Sometimes the abdomen is penetrated by a stab of some sort, and it follows that intestines roll out. When this happens we must first examine whether they are uninjured, and then whether their proper colour persists. If the smaller intestine has been penetrated, no good can be done, as I have already said. The larger intestine can be sutured, not with any certain assurance, but because a doubtful hope is preferable to certain despair; for occasionally it heals up. Then if either intestine is livid or pallid or black, in which case there is necessarily no sensation, all medical aid is vain. But if intestines have still their proper colour, aid should be given with all speed, for they undergo change from moment to moment when exposed to the external air, to which they are unaccustomed. The patient is to be laid on his back with his hips raised; and if the wound is too narrow for the intestines to be easily replaced, it is to be cut until sufficiently wide. If the intestines have already become too dry, they are to be bathed with water to which a small quantity of oil has been added. Next the assistant should gently separate the margins of the wound by means of his hands, or even by two hooks inserted into the inner membrane: the surgeon always returns first the intestines which have prolapsed the later, in such a way as to preserve the order of the several coils. When all have been returned, the patient is to be shaken gently: so that of their own accord the various coils are brought into their proper places and settle there. This done, the omentum too must be examined, and any part that is black is to be cut away with shears; what is sound is returned gently into place in front of the intestines. Now stitching of the surface skin only or of the inner membrane only is not enough, but both must be stitched…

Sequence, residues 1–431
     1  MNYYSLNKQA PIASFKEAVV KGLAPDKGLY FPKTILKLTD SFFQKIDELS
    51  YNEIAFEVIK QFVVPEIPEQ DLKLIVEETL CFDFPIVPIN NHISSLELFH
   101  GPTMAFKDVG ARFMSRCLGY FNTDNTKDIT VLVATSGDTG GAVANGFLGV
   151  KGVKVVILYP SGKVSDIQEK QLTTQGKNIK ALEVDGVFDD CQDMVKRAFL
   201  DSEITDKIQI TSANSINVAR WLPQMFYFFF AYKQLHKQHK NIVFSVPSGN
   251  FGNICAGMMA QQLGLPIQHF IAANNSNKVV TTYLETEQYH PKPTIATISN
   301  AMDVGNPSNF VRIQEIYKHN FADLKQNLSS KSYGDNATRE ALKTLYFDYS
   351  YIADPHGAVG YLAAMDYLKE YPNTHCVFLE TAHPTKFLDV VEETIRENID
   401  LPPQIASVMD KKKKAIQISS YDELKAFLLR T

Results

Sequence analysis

..The signs when the small intestine and the stomach have been wounded are the same; for food and drink come out through the wound;Celsus, De Medicina